‘My days pass in sitting for pictures and reading aloud’ she wrote to a friend.  I at once offered my services to the venerable host [Mr Cameron]  and during the intervals of my sittings we read a learned article from the Revue on Pal√©ontologie together.’  Another guest was  Anne Thackeray, the author’s daughter, whom Marie found ‘delightful’.  Veteran poet Henry Taylor – one of Julia Cameron’s pantheon – had just left, and one evening Marie was taken to meet Tennyson.   ‘I have always heard him described as disagreeable and grumpy and he quite answered the description,’ she reported.  ‘Just as I was going away he seized a lighted candle and passed it up and down within an inch of my face saying he was shortsighted. After this inspection he thawed a little and was gracious enough to walk to the end of the grove occasionally interrupting the s[ilence] of the night by some oracular remark.’   She added that after sitting again she was going home. ‘I was so fatigued yesterday that only two pictures succeeded. I worked in half a dozen and ruined them.’

It isn’t clear what the last remark signifies.  A model does not normally ‘work’ during a photographic sitting, nor would any such work be likely to ruin the result.  Whatever the meaning however, the implication is that as model or sitter she was partly responsible for the art produced, which is an interesting sidelight on the process.   A few years earlier Marie and her sister had spent time in Whistler’s studio, while Christina posed for the Princesse du pays de la porcelaine, and had observed the painting process in action, as Marie had also done while sitting to Madox Brown.  At Freshwater it was presumably the first time she watched a woman artist at work, observing both the elaborate technicalities of wet collodion photography and Cameron’s committed, concentrated effort to realise her conception in despite of changing light, tricky chemicals and tired models.  While middle-class women of all ages were encouraged to draw, embroider and make music, these skills were subordinate to domestic responsibilities; Julia Cameron’s dedication to her chosen art form was unusual and even comical to many, but it could serve as an example to a younger woman now faced with competing artistic and emotional demands.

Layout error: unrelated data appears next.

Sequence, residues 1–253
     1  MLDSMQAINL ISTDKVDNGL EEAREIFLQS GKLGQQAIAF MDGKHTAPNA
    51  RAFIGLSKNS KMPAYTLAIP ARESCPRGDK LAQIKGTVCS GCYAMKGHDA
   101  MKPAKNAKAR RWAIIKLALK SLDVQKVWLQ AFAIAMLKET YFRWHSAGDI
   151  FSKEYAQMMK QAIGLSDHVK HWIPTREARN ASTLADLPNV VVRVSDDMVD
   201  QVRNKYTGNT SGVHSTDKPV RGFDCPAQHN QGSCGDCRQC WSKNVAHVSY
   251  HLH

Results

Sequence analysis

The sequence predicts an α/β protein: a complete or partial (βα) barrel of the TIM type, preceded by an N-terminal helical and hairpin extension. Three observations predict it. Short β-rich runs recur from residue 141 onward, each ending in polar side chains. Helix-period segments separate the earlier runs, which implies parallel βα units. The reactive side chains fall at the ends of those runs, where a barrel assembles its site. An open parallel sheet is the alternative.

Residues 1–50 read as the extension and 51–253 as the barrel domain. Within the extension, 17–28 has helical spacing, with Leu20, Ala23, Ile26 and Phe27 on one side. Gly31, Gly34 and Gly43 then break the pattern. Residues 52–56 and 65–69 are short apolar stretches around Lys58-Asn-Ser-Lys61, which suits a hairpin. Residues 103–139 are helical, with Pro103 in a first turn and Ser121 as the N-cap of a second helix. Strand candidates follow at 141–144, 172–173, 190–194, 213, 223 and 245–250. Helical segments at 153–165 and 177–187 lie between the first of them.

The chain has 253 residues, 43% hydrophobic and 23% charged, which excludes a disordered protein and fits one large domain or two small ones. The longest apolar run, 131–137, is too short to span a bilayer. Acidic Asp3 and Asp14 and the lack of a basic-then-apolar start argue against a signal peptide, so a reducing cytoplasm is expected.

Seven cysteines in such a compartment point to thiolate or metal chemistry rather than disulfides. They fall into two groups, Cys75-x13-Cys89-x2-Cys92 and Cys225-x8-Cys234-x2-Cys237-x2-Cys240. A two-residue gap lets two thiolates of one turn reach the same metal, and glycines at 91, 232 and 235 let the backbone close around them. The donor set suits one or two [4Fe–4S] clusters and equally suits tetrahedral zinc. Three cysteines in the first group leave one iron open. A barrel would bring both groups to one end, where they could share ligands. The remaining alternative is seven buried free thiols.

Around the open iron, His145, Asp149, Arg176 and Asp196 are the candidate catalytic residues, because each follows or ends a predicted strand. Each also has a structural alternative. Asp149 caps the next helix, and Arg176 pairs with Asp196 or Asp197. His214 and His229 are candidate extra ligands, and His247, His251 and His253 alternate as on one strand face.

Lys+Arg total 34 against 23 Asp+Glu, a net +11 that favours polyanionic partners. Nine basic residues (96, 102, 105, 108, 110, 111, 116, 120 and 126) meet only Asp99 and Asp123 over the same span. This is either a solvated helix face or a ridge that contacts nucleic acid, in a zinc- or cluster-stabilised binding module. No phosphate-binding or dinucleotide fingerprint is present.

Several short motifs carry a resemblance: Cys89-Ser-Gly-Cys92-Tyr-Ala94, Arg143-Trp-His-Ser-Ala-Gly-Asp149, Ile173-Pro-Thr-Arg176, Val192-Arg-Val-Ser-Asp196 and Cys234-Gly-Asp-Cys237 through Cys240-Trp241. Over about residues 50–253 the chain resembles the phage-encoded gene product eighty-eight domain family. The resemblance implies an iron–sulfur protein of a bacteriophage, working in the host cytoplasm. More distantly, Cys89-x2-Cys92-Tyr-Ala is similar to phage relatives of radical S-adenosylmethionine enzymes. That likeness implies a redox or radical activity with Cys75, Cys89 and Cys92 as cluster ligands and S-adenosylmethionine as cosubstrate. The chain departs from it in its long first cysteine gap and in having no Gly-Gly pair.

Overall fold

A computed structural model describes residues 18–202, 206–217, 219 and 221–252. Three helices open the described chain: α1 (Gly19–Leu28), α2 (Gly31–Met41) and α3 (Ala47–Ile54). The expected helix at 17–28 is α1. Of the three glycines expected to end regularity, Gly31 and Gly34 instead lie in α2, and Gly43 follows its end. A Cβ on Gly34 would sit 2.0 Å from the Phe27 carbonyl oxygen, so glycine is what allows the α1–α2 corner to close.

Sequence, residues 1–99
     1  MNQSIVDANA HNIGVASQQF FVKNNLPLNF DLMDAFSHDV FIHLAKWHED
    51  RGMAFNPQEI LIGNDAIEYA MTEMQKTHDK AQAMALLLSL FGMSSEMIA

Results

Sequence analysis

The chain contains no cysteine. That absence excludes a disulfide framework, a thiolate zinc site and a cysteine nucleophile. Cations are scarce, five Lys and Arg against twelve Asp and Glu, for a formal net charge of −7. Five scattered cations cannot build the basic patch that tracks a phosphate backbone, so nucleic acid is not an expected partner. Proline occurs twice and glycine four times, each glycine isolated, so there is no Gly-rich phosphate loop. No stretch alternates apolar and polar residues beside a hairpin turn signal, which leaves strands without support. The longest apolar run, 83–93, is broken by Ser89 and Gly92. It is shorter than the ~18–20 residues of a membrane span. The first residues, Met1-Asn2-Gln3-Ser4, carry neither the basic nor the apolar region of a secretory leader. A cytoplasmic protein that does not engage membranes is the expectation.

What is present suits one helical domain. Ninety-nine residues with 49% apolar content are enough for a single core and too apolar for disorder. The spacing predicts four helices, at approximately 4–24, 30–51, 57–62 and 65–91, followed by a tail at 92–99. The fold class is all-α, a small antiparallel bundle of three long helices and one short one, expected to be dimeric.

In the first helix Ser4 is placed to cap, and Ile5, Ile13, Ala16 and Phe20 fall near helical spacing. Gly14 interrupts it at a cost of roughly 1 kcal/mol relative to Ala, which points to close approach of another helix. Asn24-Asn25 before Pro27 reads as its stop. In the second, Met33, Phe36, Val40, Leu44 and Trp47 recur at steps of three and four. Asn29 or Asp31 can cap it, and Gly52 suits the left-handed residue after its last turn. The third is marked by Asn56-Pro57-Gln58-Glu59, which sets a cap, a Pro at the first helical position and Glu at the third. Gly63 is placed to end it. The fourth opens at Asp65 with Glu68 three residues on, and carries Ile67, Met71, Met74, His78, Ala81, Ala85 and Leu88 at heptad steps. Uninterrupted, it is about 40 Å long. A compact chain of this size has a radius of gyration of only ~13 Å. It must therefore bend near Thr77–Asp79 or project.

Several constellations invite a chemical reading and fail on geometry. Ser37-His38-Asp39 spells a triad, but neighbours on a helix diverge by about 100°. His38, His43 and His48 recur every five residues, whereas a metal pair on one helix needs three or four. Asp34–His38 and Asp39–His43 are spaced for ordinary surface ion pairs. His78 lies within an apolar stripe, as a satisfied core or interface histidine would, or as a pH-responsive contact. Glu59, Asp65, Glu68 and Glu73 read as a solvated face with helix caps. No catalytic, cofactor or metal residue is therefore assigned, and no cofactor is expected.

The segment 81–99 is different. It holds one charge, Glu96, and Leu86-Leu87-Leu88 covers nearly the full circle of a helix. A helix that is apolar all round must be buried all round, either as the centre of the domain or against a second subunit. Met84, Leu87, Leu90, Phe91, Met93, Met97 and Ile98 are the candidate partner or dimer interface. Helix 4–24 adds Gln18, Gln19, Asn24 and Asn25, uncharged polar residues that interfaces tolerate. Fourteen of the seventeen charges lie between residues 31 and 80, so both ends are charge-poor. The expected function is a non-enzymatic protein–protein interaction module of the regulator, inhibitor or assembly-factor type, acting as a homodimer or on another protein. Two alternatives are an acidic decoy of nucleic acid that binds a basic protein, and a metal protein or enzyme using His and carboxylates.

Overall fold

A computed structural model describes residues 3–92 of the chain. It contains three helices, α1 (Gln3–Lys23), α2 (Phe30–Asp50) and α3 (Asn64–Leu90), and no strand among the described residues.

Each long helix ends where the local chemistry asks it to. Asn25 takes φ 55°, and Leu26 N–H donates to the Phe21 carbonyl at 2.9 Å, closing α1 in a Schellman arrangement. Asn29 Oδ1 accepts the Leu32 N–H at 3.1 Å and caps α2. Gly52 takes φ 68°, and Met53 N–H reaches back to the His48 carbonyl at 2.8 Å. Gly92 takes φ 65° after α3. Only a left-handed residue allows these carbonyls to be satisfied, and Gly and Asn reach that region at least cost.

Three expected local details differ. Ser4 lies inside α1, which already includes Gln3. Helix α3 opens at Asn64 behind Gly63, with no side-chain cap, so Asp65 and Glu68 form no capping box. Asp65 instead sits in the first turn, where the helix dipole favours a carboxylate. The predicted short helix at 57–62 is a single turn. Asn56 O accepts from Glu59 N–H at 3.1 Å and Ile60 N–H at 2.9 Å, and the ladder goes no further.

Marie Spartali was herself unusual in her dedication to art over nearly five more decades.   That she has been written out, ignored and dismissed as an ‘amateur’, as if her painting were also an easily laid aside pastime, is as calumnious as the dismissal of Julia Cameron as a ‘wealthy woman able to indulge her hobby’.  Both were professionally ambitious and committed.



1 comment:

  1. Dear Jan, I live in a property formerly owned by Maries parents here on the Isle of Wight, owned for some forty years and we still have the grapes that you refer to in your article above, growing in our victorian conservatory. We recently made a discovery in our attic which I feel is worthy of investigation should you be willing to contact me to discuss, many thanks Sue.